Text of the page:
Q: What scientific research and published information support MitoBoost’s effectiveness?
A: Here is just some of the information available on MitoBoost:
The “fountain of youth” might be found in a person’s mitochondria.
The Massachusetts Institute of Technology Review asks if the fountain of youth could be found in a person’s mitochondria. In this September 21, 2007 article they say: “A growing body of evidence suggests that mitochondrial function plays a vital role in aging and age-related ailments like Alzheimer’s, Parkinson’s heart ailments and type 2 diabetes. Researchers found that as long as the cells’ mitochondria were healthy the cells could stay alive.”
Harvard Medical School genetics professor Dr. David Sinclair has found that an NAD+ booster in animal studies can dramatically reverse the signs of aging.
In 2013, Sinclair and colleagues published a revolutionary paper in the journal Cell.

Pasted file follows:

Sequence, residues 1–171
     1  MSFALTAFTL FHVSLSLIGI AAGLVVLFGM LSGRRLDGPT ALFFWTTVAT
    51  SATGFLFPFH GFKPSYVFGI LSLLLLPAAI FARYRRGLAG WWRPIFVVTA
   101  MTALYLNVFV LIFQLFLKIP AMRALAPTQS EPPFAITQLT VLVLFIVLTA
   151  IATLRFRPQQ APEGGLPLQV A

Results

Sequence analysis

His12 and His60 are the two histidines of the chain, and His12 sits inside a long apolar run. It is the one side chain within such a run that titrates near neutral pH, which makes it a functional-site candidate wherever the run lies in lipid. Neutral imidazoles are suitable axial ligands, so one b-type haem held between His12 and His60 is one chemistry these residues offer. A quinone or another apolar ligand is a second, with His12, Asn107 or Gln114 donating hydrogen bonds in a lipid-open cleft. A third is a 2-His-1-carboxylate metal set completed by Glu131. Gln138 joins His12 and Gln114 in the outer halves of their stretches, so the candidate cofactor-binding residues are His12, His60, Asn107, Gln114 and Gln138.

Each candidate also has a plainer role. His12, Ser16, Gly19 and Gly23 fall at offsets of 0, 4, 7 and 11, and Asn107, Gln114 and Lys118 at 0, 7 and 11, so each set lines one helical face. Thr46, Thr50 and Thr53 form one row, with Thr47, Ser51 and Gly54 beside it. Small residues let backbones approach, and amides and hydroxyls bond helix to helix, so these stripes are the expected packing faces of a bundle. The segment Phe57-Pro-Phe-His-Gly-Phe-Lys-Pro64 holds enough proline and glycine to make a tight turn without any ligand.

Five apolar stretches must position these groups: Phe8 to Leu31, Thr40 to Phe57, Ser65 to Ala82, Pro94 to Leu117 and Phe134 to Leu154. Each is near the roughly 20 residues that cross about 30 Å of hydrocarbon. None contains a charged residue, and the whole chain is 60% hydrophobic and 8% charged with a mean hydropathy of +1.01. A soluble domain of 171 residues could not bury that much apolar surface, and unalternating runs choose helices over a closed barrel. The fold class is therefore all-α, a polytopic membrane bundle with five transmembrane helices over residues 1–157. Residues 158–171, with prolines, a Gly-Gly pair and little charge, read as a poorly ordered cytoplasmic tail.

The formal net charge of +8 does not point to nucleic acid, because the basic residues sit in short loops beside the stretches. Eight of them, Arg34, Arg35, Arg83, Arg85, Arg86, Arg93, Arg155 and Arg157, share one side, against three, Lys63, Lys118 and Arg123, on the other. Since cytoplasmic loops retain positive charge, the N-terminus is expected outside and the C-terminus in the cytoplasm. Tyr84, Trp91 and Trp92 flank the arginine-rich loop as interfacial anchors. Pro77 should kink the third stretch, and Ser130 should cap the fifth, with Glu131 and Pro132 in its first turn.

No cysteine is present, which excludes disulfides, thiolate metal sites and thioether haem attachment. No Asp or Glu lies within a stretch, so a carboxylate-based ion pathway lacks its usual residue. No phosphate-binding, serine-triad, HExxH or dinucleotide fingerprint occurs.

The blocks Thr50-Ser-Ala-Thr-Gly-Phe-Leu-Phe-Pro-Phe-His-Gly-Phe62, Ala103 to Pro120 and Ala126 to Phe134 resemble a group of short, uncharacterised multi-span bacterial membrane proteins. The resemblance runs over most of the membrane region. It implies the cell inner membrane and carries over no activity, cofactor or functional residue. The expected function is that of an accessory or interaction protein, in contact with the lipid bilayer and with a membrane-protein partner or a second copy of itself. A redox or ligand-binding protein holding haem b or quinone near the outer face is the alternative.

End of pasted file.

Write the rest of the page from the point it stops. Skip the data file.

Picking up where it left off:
Their study showed that giving older mice an NAD+ booster for one week made the mitochondria of 2-year-old mice resemble those of 6-month-old mice. They compared critical biochemical markers measuring muscle health.
In human terms, that would be similar to a 60-year-old’s mitochondria becoming like mitochondria of someone who is 20-year-old.
The findings were published in the Dec. 19, 2013, issue of Cell. You can read the findings here: http://www.cell.com/abstract/S0092-8674%2813%2901521-3.
A news release about the study on the Harvard Medical School website explains the significance of the findings. It says: “Mitochondria, organelles on the right, interact with the cell's nucleus to ensure a healthy, functioning cell.
The essence of this finding is a series of molecular events that enable communication inside cells between the nucleus and mitochondria. As communication breaks down, aging accelerates. By administering a molecule naturally produced by the human body, scientists restored the communication network in older mice. Subsequent tissue samples showed key biological hallmarks that were comparable to those of much younger animals.
‘The aging process we discovered is like a married couple—when they are young, they communicate well, but over time, living in close quarters for many years, communication breaks down,’ said Harvard Medical School Professor of Genetics David Sinclair, senior author on the study. ‘And just like with a couple, restoring communication solved the problem.’